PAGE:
A book on my Amazon watchlist, set to release in October, got me thinking about rural hospitals. The book is by Dr. David Nash and Charles Wohlforth, titled “How Covid Crashed the System: A Guide to Fixing American Healthcare.” In the podcast interviews and the highlights I have read, the book discusses how our system pre-COVID was already designed to fail. The failure results from our racial and financial inequities and our “misguided individualism which tore communities apart” as we bartered against each other for PPE, staff, and hospital beds. What we see today is the continued impact of an already fragile healthcare system.
At HIMSS 2022, economist Diane Swonk warned that we are about to see a lot of hospitals close, and the biggest impact will be the already underserved and rural areas. They cannot sustain the current financial challenges with high turnover resulting in staffing agency wage costs and the growing inflation which is hitting every hospital supply from medications to bed sheets. According to the Center for Healthcare Quality & Payment Reform (CHQPR), 40 percent of rural hospitals are at risk of closing. For example, Santa Cruz Regional Hospital in Green Valley, AZ closed its 49-bed hospital and laid off over 300 employees in June. Since 2010, 193 rural hospitals have closed and in 2020 closed their doors, all causing patients to travel greater distances for emergency and outpatient services. CHQPR attributes the primary cause for rural hospital closures stemming from not enough revenue from health insurance plans to sustain services. Many of these hospitals do not have a large private insurance payer mix to offset the uninsured or Medicaid population.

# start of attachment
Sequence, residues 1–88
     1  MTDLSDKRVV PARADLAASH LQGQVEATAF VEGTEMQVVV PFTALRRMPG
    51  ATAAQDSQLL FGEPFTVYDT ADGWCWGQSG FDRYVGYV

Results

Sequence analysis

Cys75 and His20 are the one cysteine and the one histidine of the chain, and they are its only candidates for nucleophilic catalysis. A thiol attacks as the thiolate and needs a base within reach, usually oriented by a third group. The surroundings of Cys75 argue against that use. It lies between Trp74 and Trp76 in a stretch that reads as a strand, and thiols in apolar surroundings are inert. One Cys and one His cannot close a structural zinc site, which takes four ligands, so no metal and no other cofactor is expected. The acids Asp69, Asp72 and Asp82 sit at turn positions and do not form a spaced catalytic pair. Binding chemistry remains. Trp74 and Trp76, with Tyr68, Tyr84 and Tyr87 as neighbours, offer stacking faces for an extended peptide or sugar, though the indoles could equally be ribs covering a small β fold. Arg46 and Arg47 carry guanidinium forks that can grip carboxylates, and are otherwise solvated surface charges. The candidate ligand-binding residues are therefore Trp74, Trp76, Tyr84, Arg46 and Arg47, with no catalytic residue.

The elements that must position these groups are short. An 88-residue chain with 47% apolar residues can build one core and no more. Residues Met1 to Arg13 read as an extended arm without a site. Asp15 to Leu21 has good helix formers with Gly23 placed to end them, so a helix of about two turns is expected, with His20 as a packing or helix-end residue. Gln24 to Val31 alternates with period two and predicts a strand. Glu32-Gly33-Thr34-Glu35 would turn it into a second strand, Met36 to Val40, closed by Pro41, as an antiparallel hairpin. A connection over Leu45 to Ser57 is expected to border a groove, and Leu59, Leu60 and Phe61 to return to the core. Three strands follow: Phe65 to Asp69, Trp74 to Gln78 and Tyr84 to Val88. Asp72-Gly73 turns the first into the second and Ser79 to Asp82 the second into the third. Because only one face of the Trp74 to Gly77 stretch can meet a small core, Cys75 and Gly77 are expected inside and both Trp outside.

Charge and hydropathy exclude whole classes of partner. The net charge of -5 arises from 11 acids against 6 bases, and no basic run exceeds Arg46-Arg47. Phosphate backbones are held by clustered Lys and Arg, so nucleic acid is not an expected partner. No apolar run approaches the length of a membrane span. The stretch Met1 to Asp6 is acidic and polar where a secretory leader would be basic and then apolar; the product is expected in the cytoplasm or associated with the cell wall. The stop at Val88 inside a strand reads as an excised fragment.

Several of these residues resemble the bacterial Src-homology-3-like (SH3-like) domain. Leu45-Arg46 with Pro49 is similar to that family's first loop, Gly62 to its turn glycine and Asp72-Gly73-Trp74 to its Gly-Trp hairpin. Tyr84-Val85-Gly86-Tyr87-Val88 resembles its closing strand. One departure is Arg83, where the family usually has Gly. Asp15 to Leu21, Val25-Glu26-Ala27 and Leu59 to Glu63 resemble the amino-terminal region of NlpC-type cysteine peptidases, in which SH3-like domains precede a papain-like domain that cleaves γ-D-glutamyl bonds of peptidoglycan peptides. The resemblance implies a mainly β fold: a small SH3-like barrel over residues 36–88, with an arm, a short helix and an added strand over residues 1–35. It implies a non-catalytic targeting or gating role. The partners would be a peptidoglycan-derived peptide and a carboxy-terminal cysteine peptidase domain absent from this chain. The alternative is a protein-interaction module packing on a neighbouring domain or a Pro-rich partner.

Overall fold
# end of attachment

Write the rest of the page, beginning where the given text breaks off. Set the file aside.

In order to slow the painful decline to our rural health system, the Centers for Medicare & Medicaid Services (CMS) is proposing a rule to create a new designation for rural hospitals, called “rural emergency hospitals” or REHs. As Dr. Ronald Hirsch discussed in prior segments on Monitor Mondays, the proposal defines REHs as not providing acute inpatient care services but has a transfer agreement in effect with a level I or II trauma center. They provide a 24/7 staffed emergency department and outpatient and/or observation services. The designation would also make some expansions to critical access hospitals. The REH would receive an additional five percent payment of the services provided under the Medicare Hospital Outpatient Prospective Payment System.
Consideration is also being made during the open comment period of an additional monthly facility payment to support REH long-term viability. Although, any type of help is needed to serve our rural communities, I am concerned about the designation excluding the allowance of inpatient admissions.
This week’s Monitor Mondays survey asked our listeners whether they are in favor of a new hospital designation by CMS, the REH – Rural Emergency Hospitals. The responses may surprise you, and can be viewed here.
Programming Note: Listen to Tiffany Ferguson live reporting on the SDoH every Monday on Monitor Mondays at 10 Eastern.